1 minute read

Greg Downey and Daniel Lende ponder the rhetorical evils of NY Times columnist Thomas Friedman and why anthropologists should be better writers: “Thomas Frie...

Making a difference via blogging

1 minute read

Paul Knoepfler, a UC-Davis cell biologist, runs a very active blog in which he discusses the science of stem cells. One of his recurrent themes is strong cri...

Mouse brain mapping

less than 1 minute read

This merits some attention: “Neuroscientists reach major milestone in whole-brain circuit mapping project”.

A plenary of plenty

4 minute read

I’ve arrived in Portland, Oregon today for the annual meeting of the American Association of Physical Anthropologists. This is really a central highlight of ...

Wiki into journal

1 minute read

PLoS Computational Biology has started a new collaboration with Wikipedia, in which short review articles called “topic pages” will be peer-reviewed, given j...

Open science interview

1 minute read

NPR’s Science Friday interviewed open science advocate Michael Nielsen last week: “Can science be done without secrecy?” I like the headline.

A quick look at your Neandertal fraction

1 minute read

The 23andMe blog, the Spittoon, has a description of their new technique to use 23andMe SNPs to estimate any customer’s fraction of Neandertal: “Find your in...

A story behind Manis

1 minute read

A couple of weeks ago, I pointed to new research dating a mastodon kill site from Manis, Washington, to around 13,800 years ago (“Bone of the victim mastodon...

Blogs, academic discourse in economics

less than 1 minute read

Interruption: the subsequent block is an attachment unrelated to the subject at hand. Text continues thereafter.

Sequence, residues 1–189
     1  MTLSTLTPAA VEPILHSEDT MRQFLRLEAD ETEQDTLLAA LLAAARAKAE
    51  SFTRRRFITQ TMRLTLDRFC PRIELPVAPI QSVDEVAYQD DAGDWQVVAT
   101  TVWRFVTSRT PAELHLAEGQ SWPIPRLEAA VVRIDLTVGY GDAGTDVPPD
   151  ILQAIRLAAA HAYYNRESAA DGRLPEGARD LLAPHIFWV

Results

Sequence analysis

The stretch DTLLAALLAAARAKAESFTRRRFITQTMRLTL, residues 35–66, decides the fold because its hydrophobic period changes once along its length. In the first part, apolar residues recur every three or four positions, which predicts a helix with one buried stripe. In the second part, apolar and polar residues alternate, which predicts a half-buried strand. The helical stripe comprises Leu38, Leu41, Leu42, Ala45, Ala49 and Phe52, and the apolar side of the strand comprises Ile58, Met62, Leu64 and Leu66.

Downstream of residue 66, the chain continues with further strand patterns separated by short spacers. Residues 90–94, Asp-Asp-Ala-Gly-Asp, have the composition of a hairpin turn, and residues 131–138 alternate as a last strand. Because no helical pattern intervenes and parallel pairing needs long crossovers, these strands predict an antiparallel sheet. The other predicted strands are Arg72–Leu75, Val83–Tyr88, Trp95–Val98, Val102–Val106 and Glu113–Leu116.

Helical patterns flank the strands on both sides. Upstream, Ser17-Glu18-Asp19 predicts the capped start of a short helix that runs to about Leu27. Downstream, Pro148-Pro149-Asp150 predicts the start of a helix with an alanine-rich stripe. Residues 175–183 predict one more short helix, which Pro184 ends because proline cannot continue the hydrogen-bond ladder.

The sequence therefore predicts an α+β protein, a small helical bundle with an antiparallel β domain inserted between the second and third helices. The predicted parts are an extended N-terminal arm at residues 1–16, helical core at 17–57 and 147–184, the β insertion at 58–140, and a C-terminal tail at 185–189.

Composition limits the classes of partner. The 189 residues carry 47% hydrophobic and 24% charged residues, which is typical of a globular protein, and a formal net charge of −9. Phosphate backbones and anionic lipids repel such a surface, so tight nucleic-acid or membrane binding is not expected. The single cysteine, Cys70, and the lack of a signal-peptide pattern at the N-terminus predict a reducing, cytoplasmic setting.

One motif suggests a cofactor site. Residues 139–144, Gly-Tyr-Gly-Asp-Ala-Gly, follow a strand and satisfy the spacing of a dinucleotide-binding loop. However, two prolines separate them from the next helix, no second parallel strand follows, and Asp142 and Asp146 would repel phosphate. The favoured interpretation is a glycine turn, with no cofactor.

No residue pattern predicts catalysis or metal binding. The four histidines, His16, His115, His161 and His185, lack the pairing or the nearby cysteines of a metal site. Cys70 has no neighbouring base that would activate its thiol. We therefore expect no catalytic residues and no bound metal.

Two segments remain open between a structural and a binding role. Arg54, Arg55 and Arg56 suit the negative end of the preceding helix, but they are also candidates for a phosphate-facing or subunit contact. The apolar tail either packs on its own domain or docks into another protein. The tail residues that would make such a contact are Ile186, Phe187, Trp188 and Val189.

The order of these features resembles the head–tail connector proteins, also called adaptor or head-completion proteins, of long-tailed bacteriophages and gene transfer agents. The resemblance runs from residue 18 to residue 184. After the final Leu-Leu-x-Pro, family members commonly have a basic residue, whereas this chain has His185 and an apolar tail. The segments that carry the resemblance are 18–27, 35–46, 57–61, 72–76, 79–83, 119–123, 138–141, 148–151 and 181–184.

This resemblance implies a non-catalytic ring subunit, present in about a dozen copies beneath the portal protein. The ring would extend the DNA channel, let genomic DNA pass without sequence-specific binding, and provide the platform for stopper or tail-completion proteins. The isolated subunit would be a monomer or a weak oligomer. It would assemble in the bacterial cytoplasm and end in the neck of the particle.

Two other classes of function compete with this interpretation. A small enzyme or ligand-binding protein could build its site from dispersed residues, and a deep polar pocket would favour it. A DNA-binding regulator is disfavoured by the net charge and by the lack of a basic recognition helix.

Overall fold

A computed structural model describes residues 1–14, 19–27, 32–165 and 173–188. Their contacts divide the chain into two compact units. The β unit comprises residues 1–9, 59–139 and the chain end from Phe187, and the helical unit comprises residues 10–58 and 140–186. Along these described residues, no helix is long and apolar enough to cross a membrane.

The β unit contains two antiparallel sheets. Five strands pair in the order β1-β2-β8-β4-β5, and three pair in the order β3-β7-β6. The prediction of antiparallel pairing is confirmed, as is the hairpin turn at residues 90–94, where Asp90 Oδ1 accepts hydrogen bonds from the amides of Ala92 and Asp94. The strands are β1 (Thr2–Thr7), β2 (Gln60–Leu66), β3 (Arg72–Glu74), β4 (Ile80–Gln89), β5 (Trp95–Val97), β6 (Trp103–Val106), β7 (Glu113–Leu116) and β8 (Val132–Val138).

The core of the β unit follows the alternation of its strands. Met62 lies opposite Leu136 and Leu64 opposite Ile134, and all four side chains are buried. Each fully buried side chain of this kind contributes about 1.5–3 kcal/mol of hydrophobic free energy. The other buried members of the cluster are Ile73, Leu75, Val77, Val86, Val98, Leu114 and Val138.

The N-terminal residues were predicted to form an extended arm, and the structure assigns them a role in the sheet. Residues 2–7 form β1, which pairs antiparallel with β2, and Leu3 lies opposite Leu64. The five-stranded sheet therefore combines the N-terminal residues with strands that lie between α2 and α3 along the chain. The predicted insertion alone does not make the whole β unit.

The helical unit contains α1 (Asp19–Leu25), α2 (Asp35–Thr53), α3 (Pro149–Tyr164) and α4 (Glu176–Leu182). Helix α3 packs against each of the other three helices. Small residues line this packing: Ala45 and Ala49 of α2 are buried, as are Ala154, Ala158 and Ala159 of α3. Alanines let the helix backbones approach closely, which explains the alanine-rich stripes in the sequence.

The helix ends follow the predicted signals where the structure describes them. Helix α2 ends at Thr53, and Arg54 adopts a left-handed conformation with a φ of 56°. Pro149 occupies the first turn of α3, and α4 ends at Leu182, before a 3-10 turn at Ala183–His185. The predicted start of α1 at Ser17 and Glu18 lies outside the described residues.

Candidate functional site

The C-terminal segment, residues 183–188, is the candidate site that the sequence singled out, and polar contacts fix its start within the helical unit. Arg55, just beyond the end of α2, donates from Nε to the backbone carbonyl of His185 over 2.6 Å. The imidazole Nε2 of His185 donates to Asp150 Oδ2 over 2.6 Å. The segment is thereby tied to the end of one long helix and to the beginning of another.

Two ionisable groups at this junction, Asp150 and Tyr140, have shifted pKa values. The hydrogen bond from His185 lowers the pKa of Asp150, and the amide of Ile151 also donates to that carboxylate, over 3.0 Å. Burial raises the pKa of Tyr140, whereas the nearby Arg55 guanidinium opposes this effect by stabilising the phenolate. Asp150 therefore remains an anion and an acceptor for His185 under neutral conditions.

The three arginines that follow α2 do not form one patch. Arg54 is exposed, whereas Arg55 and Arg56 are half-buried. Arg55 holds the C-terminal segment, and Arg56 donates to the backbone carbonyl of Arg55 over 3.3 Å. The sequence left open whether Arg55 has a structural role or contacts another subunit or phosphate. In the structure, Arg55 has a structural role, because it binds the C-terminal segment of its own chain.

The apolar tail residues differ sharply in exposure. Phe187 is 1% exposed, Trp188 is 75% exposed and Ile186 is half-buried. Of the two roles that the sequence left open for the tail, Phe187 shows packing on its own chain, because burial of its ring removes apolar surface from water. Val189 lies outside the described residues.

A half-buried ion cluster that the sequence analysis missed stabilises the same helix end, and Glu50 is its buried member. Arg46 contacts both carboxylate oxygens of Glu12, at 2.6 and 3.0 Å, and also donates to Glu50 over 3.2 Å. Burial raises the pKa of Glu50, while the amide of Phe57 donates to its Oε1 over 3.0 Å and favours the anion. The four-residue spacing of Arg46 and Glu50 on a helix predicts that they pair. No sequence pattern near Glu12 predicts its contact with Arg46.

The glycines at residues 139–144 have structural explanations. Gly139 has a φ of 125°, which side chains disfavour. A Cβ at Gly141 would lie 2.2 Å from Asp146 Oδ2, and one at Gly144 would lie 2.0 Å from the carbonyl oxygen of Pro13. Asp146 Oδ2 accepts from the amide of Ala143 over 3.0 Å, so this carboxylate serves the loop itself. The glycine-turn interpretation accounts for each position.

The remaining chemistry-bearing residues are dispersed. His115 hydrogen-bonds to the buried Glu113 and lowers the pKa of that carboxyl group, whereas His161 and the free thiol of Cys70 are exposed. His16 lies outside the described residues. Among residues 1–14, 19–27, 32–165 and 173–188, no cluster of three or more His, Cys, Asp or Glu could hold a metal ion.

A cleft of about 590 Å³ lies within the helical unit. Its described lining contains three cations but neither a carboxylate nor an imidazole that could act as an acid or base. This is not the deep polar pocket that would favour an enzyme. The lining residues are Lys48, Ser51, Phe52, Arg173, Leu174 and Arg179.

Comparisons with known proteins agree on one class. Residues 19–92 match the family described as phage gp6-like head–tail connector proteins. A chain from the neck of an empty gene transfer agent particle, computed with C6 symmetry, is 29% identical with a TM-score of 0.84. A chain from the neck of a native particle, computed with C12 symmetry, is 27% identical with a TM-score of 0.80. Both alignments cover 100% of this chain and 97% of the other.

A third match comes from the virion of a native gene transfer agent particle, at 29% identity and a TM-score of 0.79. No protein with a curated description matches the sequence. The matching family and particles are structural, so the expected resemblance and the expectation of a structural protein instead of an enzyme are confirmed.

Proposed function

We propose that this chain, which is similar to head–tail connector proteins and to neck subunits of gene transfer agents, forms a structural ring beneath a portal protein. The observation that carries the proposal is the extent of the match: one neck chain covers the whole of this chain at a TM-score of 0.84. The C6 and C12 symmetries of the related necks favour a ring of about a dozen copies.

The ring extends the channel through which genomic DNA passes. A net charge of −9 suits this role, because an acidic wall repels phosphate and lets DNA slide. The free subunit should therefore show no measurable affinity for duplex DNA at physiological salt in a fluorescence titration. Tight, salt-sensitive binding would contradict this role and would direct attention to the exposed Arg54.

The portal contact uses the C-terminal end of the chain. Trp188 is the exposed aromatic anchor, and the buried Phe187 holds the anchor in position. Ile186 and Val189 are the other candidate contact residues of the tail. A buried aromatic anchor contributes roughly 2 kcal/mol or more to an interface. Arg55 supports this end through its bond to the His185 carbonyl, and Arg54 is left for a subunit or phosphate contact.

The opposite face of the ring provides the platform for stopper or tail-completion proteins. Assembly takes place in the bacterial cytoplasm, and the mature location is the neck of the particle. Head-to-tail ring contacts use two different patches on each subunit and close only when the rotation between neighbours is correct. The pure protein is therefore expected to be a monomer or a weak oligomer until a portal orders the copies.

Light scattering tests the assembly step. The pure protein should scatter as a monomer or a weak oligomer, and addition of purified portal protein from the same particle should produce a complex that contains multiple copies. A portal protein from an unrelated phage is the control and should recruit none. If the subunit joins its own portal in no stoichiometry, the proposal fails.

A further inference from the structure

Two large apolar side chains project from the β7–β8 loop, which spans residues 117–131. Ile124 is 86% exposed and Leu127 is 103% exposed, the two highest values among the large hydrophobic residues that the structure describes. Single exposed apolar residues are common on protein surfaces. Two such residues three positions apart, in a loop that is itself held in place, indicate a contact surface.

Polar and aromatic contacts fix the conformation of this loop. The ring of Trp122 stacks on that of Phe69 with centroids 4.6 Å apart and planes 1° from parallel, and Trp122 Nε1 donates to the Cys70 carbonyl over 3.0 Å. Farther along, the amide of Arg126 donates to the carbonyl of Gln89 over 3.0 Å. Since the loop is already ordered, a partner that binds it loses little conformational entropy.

Paul Krugman comments on how the growth in academic blogs in economics is a continuation of publication trends that long predate the World Wide Web: “Our blo...

Can Watson navigate the medical literature?

1 minute read

Last week, Computerworld reported that IBM’s famous “Watson” supercomputer is moving to its next challenge: prescribing cancer treatments for the WellPoint h...

The Malapa Soft Tissue Project FAQ

8 minute read

These are a few of the questions that I think are essential to understand our aims with the project and how we expect it will unfold. The future depends on w...

Announcing the Malapa Soft Tissue Project

5 minute read

I am pleased to announce a new open science initiative, focused on a discovery that is unique in paleoanthropology. Together we are going to find out if the ...

Open every box

less than 1 minute read

Fascinating: “Unique Canine Tooth from ‘Peking Man’ Found in Swedish Museum Collection”

Public impact

less than 1 minute read

Alice Bell on public engagement for social scientists and humanists: “Being professional about ‘impact’.”

Open science radiocarbon databases

less than 1 minute read

Last week I wrote a lot about the radiocarbon chronology of late Neandertals in Europe (“Neandertals didn’t disappear before 40,000 years ago”, “Neandertals ...

Open science link

1 minute read

David Dobbs writes about the structural barriers to more open science: “Free Science, One Paper at a Time”. Summing up a large collaboration on Alzheimer’s r...

Opening up paleontology

4 minute read

Ewen Callaway writes in Nature News this week on open access science in paleontology: “Fossil data enter the web period”. I write about this topic quite a lo...

Denisova FOXP2 status

2 minute read

In the Denisova hubbub last month (“Denisova genome FAQ”) I didn’t hear anyone talking about the FOXP2 sequence of the Denisovans. I can’t swear that the pap...

Public engagement

1 minute read

Nature’s Gene Russo has a nice article this week about scientists’ attitudes toward colleagues who do lots of public outreach: “Outreach: Meet the press”.